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Can Eating Dark Chocolate Help Lower Your Blood Pressure?

Eating Dark Chocolate

There is a lot of talk these days about all the different health problems that are becoming more common in the United States. You might already know some of these facts—heart disease is the number one killer in the US, and rates of diseases like obesity and diabetes are at an all-time high.

When you hear about all these things, you often also hear about foods that you need to avoid because they can increase your risk for getting these diseases.And, not surprisingly, some of the foods that you are told to avoid are ones that taste good.

So, you might be surprised to learn that eating dark chocolate might actually be good for your blood pressure and your heart. Plus, the results of a recent study suggest that bacteria that live in your colon play a big part in helping chocolate improve your health.

Are there really bacteria in your colon?
Yes, and there are a lot of them. Most people have about 100trillion bacteria living inside their colon—that’s nearly 10 pounds! This might seem a little scary, but the truth is, these bacteria help keep you healthy. They play a part in preventing illness, and some recent studies suggest they also might affect things like appetite and how insulin works in your body.

One of the other really important jobs these bacteria have is to help digest some of the foods you eat and keep the digestive system working normally. This is where chocolate comes in. The bacteria breakdown the chocolate and release healthy chemicals that can then be takenup by the body.

The healthy chemicals, called “polyphenols,” are thought to fight inflammation, lower blood pressure, and promote heart health. Polyphenols are found in other foods besides chocolate, including:

  • Herbs and spices,including cloves, oregano, rosemary, and sage
  • Dark berries like blackberries and blueberries
  • Olives
  • Almonds and pecans
  • Green tea and coffee

Without the help of bacteria, your body could not digest these healthy substances, and they would pass right through you.

Do you have to eat dark chocolate to get the health benefits?
dark chocolateTo answer this question, it’s helpful to know a little bit about the difference between dark chocolate, milk chocolate, and “pure” chocolate (also called cocoa power or unsweetened chocolate).

The healthy partof chocolate comes from cocoa powder, which is really just ground-up seeds from a cocoa tree. By itself, cocoa powder doesn’t taste good—it’s very bitter. When cocoa is made into chocolate, other things are added to make it taste good, including sugar and fat.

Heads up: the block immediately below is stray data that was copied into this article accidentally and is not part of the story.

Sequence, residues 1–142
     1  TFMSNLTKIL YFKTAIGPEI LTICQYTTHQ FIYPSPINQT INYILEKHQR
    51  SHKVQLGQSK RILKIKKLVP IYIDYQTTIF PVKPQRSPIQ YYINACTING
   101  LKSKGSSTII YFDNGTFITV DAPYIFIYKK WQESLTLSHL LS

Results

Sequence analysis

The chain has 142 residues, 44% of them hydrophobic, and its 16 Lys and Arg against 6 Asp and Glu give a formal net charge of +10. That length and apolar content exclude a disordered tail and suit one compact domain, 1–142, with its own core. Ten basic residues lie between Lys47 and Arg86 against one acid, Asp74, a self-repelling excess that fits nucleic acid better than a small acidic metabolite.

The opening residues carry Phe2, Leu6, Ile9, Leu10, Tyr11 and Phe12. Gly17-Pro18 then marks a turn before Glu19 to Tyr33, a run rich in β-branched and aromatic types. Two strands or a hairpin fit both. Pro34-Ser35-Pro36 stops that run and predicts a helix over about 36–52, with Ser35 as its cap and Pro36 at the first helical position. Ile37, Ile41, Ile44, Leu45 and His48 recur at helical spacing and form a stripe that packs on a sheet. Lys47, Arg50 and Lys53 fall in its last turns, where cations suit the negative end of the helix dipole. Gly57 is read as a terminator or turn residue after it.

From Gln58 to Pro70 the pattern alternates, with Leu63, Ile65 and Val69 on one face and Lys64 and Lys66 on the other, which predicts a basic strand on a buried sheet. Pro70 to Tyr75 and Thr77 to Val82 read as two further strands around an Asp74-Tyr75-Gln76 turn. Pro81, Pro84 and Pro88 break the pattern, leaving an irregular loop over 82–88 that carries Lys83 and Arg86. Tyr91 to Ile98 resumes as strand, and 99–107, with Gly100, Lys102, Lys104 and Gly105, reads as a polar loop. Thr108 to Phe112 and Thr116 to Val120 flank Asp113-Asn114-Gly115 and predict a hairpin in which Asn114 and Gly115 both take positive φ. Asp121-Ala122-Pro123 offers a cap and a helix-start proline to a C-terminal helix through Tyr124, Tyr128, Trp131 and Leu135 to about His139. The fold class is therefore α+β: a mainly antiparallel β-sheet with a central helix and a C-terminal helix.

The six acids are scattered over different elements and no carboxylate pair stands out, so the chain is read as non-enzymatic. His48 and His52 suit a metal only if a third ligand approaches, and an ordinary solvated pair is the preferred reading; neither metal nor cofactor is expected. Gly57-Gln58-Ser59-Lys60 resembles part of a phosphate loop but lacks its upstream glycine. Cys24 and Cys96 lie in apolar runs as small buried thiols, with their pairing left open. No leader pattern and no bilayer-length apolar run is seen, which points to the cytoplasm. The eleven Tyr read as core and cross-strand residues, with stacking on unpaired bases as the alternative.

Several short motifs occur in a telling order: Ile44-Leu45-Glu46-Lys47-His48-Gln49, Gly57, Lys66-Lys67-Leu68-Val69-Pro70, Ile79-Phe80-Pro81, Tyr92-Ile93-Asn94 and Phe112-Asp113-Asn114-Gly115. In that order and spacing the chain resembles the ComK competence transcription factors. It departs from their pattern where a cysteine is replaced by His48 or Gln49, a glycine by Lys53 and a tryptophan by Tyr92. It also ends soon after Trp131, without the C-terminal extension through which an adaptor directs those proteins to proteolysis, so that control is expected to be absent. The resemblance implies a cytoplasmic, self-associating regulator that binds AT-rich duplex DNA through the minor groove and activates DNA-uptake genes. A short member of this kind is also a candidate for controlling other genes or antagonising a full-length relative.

Dark chocolate has more cocoa in it, meaning more healthy polyphenols for your heart. Milk chocolate has a lot less cocoa in it, meaning less of the good stuff. You could eat moremilk chocolate to get more polyphenols, but then you’d also be eating a lot more sugar and fat—this isn’t such a good idea.

That’s why dark chocolate is the way to go—more of what you need, less of what you don’t. The darker the chocolate, the more cocoa it has, and the more heart-healthy polyphenols it contains!

How much chocolate should you eat?

You only need to eat a few small squares of chocolate each day to get a healthy dose of polyphenols. Plus, your body can’t take-up too many polyphenolsat once, so it’s best to eat just a few squares every day rather than a whole bar once a week.

The take home points

  • Your colon is home to trillions of bacteria that help keep your body healthy.
  • These bacteria help break-down foods you eat, which releases healthy substances that your body can then take up.
  • Without these bacteria, many of these healthy nutrients would pass right through you instead of being digested.
  • Chocolate contains a healthy group of nutrients called “polyphenols” that can reduce inflammation, lower blood pressure, and promote heart-health.
  • The darker the chocolate, the more polyphenols it contains.
  • You can get the dose of polyphenols you need from eating a few squares of dark chocolate each day (about the same amount as 2-3 Hershey’s Kisses).

 

Source: http://www.npr.org/blogs/thesalt/2014/03/18/290922850/chocolate-turns-into-heart-helpers-by-gut-bacteria

Robert Ehrman, MD (45 Articles)

Dr. Robert Ehrman, MD is a Board Certified Emergency Physician. He completed his training in Emergency Medicine at Yale-New Haven Hospital in New Haven, CT and Cook County Hospital in Chicago, IL. He always reminds his patients that the more they take care for their health each day, the less likely they are to visit him again in the ER!

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